by Paul Attard Film Retrospective

My Stinking Kid | Tsai Ming-liang

June 10, 2020

There’s something of a double bind that living with a disability provides in terms of individual identity and personal autonomy: that of either a desire to  simply exist outside of the context of any handicap or possession of an understanding that any sense of self is intertwined with such impairment. This notion extends past the general perception of what many understand to be incapacitation, and into a realm of body dysmorphia that every person in today’s hyper-aware society has to a certain degree: our physical presence often serves as the first impression of ourselves before anything so complex as language or interpersonal connection play a part, our whole selves quickly defined by these explicit and superficial characteristics. No film artist has understood this complicated relationship more than Tsai Ming-liang, who has centered a majority of his work around the seemingly broken human physiques of his alienated leads and the social isolation they endure because of their imperfections. In My Stinking Kid, Kai-chiang (Chang Chea) has a disability, though it’s one that doesn’t immediately present itself: N-Acetylglutamate Synthetase Deficiency, a condition in which the levels of ammonium in one’s body are so high that if one doesn’t regulate their intake properly, death is possible. So, the teenaged Kai-chiang is forced to take medication to keep this under control; if this struggle is more visceral than extracorporeal, what exactly is the issue here other than having to drink some shitty tasting remedy? It turns out that this drug has one noticeable side-effect: it leaves a repugnant odor behind, one of ammonium that both demands Kai-chiang remain cognizant of his disorder and makes being in his presence generally unpleasant for others on an olfactory level. His only close companion is his mother (Lu Yi-ching, a Tsai regular), who has written several books about her son and his struggles in the hopes to spread awareness for this rare illness; while she earnestly believes she’s doing the best for her child, it often comes off as if she only recognizes her offspring as a herald of possible social change via his ailment.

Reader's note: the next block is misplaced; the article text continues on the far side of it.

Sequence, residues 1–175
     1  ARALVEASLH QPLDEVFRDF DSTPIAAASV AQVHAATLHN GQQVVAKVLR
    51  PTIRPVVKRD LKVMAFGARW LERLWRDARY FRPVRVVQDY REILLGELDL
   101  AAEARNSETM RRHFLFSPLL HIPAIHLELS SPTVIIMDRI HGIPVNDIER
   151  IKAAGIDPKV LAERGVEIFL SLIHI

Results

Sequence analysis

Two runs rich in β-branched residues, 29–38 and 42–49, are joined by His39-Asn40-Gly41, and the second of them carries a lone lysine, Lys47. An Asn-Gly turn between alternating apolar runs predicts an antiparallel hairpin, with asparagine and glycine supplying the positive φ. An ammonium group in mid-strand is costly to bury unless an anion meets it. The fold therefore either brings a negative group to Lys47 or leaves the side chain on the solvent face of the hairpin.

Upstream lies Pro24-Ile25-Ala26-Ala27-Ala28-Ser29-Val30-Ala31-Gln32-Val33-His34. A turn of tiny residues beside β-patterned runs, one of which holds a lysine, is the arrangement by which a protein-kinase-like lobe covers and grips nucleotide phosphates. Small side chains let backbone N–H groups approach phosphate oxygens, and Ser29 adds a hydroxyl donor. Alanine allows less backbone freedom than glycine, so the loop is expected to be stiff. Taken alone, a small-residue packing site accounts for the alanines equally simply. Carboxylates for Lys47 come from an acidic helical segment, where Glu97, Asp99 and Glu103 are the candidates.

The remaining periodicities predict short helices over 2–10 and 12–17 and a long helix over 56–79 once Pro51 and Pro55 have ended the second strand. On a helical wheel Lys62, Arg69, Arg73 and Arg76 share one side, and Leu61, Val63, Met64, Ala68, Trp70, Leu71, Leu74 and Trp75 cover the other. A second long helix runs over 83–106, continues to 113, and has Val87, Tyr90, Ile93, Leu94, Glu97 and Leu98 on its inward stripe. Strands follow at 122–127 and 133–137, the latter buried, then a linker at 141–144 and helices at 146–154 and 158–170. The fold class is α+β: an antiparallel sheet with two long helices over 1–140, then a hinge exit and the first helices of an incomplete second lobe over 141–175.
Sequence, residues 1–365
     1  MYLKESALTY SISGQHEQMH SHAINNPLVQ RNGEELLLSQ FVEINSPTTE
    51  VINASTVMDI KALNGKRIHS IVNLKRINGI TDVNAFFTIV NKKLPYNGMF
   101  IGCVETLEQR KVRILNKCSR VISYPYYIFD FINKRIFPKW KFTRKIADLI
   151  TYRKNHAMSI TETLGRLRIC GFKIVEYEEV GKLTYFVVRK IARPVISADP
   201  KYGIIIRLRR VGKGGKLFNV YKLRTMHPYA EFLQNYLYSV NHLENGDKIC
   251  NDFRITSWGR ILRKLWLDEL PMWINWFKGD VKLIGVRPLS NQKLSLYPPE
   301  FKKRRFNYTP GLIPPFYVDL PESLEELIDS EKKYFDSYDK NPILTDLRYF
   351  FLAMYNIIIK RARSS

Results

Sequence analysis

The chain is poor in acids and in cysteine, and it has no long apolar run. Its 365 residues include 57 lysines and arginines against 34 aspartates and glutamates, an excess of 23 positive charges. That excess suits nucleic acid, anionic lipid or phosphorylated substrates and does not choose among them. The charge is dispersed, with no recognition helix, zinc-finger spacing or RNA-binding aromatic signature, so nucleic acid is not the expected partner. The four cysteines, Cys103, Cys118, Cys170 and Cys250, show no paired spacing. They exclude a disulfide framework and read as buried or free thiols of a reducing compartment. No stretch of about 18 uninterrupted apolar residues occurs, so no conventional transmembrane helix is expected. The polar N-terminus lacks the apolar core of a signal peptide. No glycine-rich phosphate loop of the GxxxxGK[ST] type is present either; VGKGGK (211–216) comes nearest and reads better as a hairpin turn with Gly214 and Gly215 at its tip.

Yet, perhaps most importantly, this work highlights the ways in which well-off individuals oftentimes fetishize and exploit their loved one’s perceived weaknesses or exoticism in the name of activism (or, more commonly, slacktivism).

There is an obvious physical distancing Kai-chiang’s fellow classmates employ, reluctant as they subject themselves to his fetor.  In response, Tsai — and his longtime collaborator and muse Lee Kang-sheng, who’s given co-directing credit; this is the only time the two have collaborated together on a project in this capacity — instills a Brechtian distance in My Stinking Kid that heightens this discomfort. A classroom meltdown, with desks and chairs being liberally flung around, feels more like a procedural than as an act of passionate catharsis, with each object being carefully picked up, one at a time, before being discarded; what should be an emotionally draining sequence where a parent and her child physically grab each other is more cumbersome than devastating, as if the two are barely putting their heart into the matter at hand. This awkward, often clumsy aesthetic could be the result of the medium being utilized: as a telefilm that was commissioned by the Twain’s Department of Health, this is an unfortunate take on the after-school special that brings to the forefront the internal struggles of social seclusion. Yet, perhaps most importantly, this work highlights the ways in which well-off individuals oftentimes fetishize and exploit their loved one’s perceived weaknesses or exoticism in the name of activism (or, more commonly, slacktivism). It’s akin to the self-congratulatory liberalism that finds white Americans back-slapping themselves because they have one black friend, or feeling like they’re a real ‘ally’ because they watched Black Panther multiple times. Though the contexts are radically different, they are in possession of the same defining principle: if you only exist as what others deem you to be, or are co-opted for their ends, you can never fully define yourself.

Part of Tsai Ming-liang: A Few Long, Lonely Moments.

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